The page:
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Author has written 4 stories for Harry Potter, and Book Thief.
"Man is least himself when he talks in his own person,
Give him a mask and he will tell you the truth."
One of my favourite quotes. Essentially, society forces us to wear masks, hiding who we really are, but these masks are so frequently used that they become more real than what is really us.
Some questions to consider:
The further we dig, the more hectic we become. What is man? Society expects so many things from man, but what does man expect? Is man, truth and reality better off wearing a mask than being the flesh behind the shell? And if it is better, then who is it better for - the self, society or merely a delusion we call self-satisfaction?
Just something to consider.
When there's nothing to do, think about these questions:
What is God? Is he out there? Or has he just been one big scam throughout history? Had he made more lives than he broke? What truly compels us to religion over such a course of passing time - the face of His wrath or His mercy, our punishment or His forgiveness?
Is there truly a cause for religion?
What gives the Bible or Jesus relevance, when both choose to explain faith through parables, essentially a child's fairy tales or nursery rhymes? The Good Samaritan is a story Jesus created, not a true experience. What gives these tales any authority to depict the face of humanity when they are little better than fantasy? Good always triumphing over evil, kindness always being rewarded. A child will soon learn that a world of social Darwinism, that is not always the case. Nothing is in black and white, and sometimes following the right path isn't always the best path. So how are we to choose? And why should we listen to something so outdated?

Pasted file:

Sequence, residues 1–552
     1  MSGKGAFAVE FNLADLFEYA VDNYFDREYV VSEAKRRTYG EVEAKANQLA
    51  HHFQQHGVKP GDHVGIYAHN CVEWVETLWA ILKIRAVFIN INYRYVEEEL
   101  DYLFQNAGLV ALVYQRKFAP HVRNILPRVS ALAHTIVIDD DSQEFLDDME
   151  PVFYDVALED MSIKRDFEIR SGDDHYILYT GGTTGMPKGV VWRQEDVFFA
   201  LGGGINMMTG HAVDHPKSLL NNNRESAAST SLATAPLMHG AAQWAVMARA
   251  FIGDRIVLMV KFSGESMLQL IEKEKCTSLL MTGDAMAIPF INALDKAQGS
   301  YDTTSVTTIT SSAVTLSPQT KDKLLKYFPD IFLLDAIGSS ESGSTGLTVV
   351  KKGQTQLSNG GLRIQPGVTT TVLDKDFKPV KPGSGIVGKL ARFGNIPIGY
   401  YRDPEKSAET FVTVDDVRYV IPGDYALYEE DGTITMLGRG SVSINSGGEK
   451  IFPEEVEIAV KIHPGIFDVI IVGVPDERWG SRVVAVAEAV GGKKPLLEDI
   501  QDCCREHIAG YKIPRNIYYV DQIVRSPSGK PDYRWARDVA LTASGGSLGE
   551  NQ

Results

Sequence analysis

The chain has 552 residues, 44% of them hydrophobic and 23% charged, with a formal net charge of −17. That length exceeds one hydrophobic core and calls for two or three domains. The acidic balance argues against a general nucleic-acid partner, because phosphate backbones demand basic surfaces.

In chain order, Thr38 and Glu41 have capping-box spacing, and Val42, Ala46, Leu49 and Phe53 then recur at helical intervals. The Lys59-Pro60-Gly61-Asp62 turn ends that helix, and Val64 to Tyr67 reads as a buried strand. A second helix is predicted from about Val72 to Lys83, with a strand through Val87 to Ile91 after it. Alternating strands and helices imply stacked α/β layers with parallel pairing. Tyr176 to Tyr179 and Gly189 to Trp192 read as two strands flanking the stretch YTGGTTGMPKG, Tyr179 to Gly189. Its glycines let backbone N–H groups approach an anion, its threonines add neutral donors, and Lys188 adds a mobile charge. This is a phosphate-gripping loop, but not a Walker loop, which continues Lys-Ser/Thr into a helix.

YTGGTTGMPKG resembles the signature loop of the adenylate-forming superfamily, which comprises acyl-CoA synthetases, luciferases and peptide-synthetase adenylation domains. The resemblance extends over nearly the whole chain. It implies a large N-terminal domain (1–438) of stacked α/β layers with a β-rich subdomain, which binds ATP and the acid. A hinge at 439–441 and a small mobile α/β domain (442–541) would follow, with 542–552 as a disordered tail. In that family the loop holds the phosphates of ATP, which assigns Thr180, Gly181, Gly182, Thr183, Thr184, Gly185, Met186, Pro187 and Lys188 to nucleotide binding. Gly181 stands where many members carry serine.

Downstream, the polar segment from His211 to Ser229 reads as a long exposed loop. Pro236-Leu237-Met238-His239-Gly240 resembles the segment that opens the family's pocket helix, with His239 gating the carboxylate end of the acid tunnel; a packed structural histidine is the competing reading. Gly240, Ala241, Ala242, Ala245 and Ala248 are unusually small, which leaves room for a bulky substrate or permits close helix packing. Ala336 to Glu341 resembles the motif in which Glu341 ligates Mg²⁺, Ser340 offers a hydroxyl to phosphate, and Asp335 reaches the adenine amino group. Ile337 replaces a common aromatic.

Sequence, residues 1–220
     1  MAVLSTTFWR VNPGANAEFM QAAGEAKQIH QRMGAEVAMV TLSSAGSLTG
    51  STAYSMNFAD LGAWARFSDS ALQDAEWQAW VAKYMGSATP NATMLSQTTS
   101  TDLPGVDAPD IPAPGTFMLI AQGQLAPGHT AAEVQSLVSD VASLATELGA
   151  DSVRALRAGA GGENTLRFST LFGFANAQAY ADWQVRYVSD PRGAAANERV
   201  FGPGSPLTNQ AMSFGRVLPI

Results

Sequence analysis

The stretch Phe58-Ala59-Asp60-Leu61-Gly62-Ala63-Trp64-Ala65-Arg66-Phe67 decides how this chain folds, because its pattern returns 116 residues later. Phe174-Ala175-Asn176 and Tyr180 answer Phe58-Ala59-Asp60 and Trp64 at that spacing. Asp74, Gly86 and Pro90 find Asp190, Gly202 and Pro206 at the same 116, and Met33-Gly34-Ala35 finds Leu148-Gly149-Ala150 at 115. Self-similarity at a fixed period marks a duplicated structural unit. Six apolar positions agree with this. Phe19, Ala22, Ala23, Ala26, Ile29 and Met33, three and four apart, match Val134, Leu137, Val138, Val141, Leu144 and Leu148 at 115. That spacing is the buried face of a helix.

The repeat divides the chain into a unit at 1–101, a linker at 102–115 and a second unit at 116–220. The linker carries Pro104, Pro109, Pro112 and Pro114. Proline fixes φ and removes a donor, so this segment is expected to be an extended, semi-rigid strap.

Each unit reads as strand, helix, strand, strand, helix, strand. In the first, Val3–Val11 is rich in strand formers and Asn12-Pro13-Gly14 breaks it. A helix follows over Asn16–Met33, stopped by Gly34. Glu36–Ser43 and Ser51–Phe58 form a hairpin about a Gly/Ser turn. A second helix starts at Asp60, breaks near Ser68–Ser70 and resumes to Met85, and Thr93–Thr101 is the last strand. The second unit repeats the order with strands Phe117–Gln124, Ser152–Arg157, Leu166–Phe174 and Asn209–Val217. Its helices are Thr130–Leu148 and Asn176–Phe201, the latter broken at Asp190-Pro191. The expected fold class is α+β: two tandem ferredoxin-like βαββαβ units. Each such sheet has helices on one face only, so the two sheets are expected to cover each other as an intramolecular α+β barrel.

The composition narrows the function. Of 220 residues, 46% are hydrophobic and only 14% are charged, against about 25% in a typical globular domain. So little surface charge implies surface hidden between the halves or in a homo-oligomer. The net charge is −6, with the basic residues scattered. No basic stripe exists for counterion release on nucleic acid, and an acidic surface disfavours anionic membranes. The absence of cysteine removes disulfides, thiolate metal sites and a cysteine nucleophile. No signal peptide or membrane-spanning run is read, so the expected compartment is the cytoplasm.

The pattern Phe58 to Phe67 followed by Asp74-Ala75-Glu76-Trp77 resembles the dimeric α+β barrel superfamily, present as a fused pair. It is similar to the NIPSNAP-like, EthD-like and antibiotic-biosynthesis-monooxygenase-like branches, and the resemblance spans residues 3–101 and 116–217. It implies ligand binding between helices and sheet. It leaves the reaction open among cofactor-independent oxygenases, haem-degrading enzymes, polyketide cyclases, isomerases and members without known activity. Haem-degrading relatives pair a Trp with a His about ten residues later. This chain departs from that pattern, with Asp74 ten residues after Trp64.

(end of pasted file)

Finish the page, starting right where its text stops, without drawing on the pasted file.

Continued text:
Going to a school with enough appreciation of the Bible to build a chapel in the middle of its landscape, it should be a given that I worship God indisputably. The problem is that I don't. I can't help but question God and his supposed might even more than before.
It dawned upon me as we read a passage in the Bible that God only ever sympathised with the meek and the humble, and constantly condemned greed. Even the hymns we sang - one line I remember clearly is "I shall not boast of anything but in Jesus Christ".
How dare God and the Bible teach us to be meek and to be humble! Has not the thousands of years of human development in society, wisdom, technology all been made possible because of greed, the one quality that lies within all of us that has taught us how to improve, how to best and how to triumph? As human beings at the very top of the human timeline, how can we look back at how far we have come and condemn it all?
Then there's the famous Bible passage, "money is the root of all evil". That's ironic, considering how Christianity has only survived that long with churches that live off donations in the form of, get this, money.
On the whole, I'm beginning to find religion rather narrow-minded. The fact that someone out there from above created us is a superstition. To believe that it was God who did it is faith in religion. But to think that there are thousands of religions out there and God is merely just one of them, how can we entrust our entire belief into him? How do we know it wasn't someone else?
What is death? How do we accept it? What can we learn from death? And as children, how did we acknowledge death as the inevitable propellor that will one day face everyone?
If you were given the chance to ask one question you will definitely get the right answer to, what will it be? Is it to know your future? To learn which path you must take for fortune? Is it to know the truth behind the universe or maybe life and death?
If it was up to you to answer a question, any question, and whatever answer you gave was correct, what would it be?